Mr Gerald Giam Yean Song asked the Minister for Manpower of the 75,900 new jobs created in Q3 2022 where 71,100 went to non-residents (a) how many of the non-residents are employed under (i) Employment Passes (ii) S Passes and (iii) work permits or other passes; (b) whether the Minister expects most new jobs created to go to non-residents over the next four quarters; and (c) what steps is the Ministry taking to enable more Singaporeans to take up these newly created jobs.
Dr Tan See Leng: The increase of 71,100 in non-resident employment in Q3 2022 was attributed to an increase of 11,300 Employment Pass holders, 5,900 S Pass holders and 53,900 holders of Work Permits or other passes.
Resident employment has expanded each year since COVID-19 whereas non-resident employment declined and registered a very sharp drop in 2020 and 2021, and reached a trough of 211,000 below pre-COVID-19 levels in December 2021. Hence, not surprisingly, with the relaxation of border restrictions in April 2022, non-resident employment has increased more quickly as employers backfilled their positions. Overall, non-resident employment has increased by 167,000 from December 2021 to September 2022, but is still 3.9% (44,000) below its pre-COVID level. Non-resident employment growth in the last two quarters was concentrated in Manufacturing and Construction, sectors which are more reliant on non-resident workers. The resumption of construction work that was backlogged due to the pandemic would continue to generate demand for non-resident workers.
On the other hand, resident employment is 4.4% above the 2019 level. Significantly, more residents took on jobs in outward-oriented sectors such as Financial and Insurance Services, Information and Communications, Professional Services, as well as in Accommodation, and the median income of full-time employed residents has grown from $4,100 in 2016 to $4,700 in 2021, an increase of 2.1% per annum in real terms. We are in a tight labour market situation, with most unemployment being frictional unemployment. Our resident unemployment rate and resident long-term unemployment rate have recovered to their pre-COVID averages (2.8% and 0.7% respectively). Labour market tightness eased slightly in the third quarter, but the ratio of job vacancies to unemployed persons remained at 2.2, with the bulk of the job vacancies in Manufacturing and Construction, and also in services industries such as Information and Communications and Financial and Insurance Services. As such, I expect total employment to continue growing, but more moderately for residents given the low resident unemployment rate.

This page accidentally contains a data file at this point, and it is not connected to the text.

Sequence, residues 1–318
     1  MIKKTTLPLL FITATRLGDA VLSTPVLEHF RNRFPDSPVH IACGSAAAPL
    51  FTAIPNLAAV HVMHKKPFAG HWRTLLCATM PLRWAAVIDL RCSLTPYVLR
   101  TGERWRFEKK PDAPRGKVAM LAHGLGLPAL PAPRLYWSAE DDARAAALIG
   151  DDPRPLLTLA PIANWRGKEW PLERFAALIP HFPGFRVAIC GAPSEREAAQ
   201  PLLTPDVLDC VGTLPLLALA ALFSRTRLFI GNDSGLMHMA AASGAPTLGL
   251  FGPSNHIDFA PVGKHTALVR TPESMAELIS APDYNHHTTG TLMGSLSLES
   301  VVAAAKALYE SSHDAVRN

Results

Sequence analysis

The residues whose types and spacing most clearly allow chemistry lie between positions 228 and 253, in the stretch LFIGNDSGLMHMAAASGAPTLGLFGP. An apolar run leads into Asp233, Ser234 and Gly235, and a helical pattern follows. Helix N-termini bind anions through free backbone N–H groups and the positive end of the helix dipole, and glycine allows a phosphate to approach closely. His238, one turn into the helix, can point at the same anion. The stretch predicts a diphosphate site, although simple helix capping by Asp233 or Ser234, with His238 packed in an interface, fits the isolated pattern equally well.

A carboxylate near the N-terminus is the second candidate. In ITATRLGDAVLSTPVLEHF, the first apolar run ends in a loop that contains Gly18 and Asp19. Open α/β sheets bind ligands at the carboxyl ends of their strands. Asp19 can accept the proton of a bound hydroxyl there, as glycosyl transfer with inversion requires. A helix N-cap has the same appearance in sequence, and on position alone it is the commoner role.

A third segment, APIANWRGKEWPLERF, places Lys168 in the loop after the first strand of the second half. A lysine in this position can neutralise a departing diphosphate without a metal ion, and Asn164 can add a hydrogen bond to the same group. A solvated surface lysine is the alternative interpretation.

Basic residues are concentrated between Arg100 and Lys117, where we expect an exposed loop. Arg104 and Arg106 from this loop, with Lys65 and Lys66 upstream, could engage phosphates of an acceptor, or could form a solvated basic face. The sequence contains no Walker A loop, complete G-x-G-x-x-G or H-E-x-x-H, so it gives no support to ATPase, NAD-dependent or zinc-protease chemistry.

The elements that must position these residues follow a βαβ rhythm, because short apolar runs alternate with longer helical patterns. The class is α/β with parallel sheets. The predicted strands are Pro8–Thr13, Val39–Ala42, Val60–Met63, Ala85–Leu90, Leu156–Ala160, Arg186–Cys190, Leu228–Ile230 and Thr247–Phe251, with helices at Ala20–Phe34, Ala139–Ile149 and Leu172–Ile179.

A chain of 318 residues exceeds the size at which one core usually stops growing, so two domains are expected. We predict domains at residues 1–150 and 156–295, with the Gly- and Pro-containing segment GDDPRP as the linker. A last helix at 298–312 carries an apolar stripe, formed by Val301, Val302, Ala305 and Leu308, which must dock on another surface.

The strong employment outcomes for Singaporeans did not happen by chance, but as a result of the concerted efforts of the Government and tripartite partners through the National Jobs Council (NJC), which contributed to creating traineeships and attachments to help jobseekers gain industry-relevant skills and boost employability. From April 2020 to April 2022, around 200,000 locals were placed into jobs, traineeships and attachment opportunities under the NJC’s SGUnited Jobs and Skills Package. Workforce Singapore (WSG) will continue to support jobseekers to enter new jobs, such as through Career Conversion Programmes (CCPs) and the SGUnited Mid-Career Pathways Programme which we regularised this year. In 2021, WSG and its placement partners placed about 68,000 unique jobseekers, including about 5,000 through CCPs. Locals who need greater assistance in their job search can approach WSG or NTUC’s Employment and Employability Institute.
Ministry of Manpower
9 January 2023